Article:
Hildy is asking for more comments, but it’s hard to add much to what is here. Seasoned participant, hands-on practical experience, passionate belief in the approach, facilitating the wisdom in the room instead of being an ‘expert’ – it’s all really, really good. Add maybe:
– positive feedback from past training/facilitating
– perceived storytelling ability
– sense of humour but never at the expense of others
– willingness to commit some set minimum time per annum – I don’t think one session a year is going to cut it
– cultural competency, since the more diversity in the room the better
– broad perspective/experience in terms of community benefit sector (e.g., not just social services), community size/type
– openness to diverse partnerships (e.g., not anti-corporate or anti-government) in achieving community outcomes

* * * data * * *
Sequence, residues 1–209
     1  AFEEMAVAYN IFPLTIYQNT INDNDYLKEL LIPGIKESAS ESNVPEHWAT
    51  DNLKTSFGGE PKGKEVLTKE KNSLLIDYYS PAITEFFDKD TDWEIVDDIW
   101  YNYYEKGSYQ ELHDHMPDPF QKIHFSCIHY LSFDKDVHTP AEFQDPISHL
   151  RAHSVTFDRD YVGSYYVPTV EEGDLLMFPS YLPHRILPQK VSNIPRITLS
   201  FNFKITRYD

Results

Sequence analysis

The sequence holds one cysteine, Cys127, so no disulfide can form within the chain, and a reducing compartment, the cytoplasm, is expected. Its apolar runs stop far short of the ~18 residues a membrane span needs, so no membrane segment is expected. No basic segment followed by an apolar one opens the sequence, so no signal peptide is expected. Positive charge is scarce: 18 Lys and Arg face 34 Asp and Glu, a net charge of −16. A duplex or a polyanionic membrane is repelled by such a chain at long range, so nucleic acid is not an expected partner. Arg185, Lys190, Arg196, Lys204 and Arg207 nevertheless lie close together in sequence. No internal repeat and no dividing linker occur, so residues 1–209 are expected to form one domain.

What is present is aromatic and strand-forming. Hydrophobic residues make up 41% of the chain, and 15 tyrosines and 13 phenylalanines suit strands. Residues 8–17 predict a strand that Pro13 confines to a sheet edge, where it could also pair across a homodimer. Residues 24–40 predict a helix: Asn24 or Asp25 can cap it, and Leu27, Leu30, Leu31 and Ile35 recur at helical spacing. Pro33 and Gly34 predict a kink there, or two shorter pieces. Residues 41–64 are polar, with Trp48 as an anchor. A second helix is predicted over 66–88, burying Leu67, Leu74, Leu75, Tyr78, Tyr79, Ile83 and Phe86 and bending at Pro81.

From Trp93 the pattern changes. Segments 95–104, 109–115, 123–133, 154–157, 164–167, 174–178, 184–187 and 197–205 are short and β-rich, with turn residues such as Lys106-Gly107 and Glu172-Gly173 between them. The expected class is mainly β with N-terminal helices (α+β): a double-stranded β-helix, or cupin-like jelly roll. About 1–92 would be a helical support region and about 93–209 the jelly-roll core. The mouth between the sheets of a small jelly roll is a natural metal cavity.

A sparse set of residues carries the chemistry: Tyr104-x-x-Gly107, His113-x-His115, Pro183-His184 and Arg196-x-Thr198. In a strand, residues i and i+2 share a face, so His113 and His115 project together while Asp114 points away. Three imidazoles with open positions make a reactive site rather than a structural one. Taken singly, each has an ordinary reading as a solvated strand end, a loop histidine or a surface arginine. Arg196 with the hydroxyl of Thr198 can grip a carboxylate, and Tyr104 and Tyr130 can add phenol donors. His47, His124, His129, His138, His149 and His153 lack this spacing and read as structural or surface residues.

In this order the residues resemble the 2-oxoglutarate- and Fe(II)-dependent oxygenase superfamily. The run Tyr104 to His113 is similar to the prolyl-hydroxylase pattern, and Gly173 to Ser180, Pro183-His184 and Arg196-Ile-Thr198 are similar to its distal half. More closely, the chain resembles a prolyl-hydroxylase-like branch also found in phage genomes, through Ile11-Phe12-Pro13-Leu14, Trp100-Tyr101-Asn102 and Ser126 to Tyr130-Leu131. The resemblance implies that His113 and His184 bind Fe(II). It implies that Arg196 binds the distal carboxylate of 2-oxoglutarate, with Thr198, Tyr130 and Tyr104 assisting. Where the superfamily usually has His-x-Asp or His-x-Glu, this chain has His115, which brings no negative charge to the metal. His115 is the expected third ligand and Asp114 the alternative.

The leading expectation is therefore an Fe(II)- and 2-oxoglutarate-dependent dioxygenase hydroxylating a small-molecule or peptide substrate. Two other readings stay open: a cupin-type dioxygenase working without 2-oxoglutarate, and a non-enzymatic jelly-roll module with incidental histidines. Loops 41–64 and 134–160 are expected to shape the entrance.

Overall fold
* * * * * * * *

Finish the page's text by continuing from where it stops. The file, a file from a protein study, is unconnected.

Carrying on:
This is mostly about openness – avoiding biases or pre-conceived solutions that prevent the highest possible outcome from being identified and achieved.
Not a lot to add to all the wisdom shared already! I have been involved in recruitment of our Unitec teaching team and it is always a complex chemistry not just a simple competency list – as you all have identified! What I have seen as core includes:
* enough breadth and depth of experience in doing community benefit work to bring not only understanding of context, but trackrecord, credibility, what we call ‘mana’ into the room – a kind of respected authority in the sense of wisdom not ego
* a broad knowledge of concepts to have a diverse toolbox to draw on in leading/joining/questioning the conversation in the room around key issues – so that it’s not one size fits all